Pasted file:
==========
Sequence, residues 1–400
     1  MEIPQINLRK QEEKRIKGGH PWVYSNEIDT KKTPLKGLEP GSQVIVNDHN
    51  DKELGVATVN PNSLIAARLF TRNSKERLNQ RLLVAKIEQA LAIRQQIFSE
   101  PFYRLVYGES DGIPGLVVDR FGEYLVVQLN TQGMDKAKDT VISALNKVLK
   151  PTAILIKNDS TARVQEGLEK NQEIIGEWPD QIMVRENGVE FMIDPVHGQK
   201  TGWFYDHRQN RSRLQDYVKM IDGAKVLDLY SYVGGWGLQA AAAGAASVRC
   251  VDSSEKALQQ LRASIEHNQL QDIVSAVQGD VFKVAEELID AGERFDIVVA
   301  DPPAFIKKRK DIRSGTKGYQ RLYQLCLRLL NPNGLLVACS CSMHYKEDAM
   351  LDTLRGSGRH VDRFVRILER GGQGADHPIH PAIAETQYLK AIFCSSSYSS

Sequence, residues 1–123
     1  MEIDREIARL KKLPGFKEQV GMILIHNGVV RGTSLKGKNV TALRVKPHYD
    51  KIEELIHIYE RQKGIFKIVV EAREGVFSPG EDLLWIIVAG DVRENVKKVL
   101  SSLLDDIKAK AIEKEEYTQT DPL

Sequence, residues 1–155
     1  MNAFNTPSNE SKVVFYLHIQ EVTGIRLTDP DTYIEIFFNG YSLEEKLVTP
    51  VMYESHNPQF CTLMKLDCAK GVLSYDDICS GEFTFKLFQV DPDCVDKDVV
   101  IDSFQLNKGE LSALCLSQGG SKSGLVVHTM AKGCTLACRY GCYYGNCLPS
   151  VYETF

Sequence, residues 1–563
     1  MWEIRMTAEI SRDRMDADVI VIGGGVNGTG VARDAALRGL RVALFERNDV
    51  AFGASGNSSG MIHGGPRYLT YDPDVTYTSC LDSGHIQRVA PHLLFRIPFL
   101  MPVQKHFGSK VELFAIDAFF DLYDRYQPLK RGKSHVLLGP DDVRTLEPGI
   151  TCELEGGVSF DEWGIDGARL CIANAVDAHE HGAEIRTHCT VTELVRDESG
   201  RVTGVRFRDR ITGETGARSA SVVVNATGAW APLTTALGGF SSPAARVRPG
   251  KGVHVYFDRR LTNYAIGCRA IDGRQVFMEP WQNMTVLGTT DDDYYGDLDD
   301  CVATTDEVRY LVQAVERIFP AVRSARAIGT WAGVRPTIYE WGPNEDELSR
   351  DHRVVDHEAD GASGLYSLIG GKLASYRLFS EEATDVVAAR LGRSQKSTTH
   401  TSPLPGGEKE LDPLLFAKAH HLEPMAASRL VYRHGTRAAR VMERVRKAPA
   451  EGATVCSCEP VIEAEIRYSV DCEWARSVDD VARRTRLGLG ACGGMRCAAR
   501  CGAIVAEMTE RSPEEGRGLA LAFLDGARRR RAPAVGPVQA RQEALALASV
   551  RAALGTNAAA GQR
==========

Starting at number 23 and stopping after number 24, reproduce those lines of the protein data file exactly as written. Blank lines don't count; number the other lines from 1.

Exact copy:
   151  TCELEGGVSF DEWGIDGARL CIANAVDAHE HGAEIRTHCT VTELVRDESG
   201  RVTGVRFRDR ITGETGARSA SVVVNATGAW APLTTALGGF SSPAARVRPG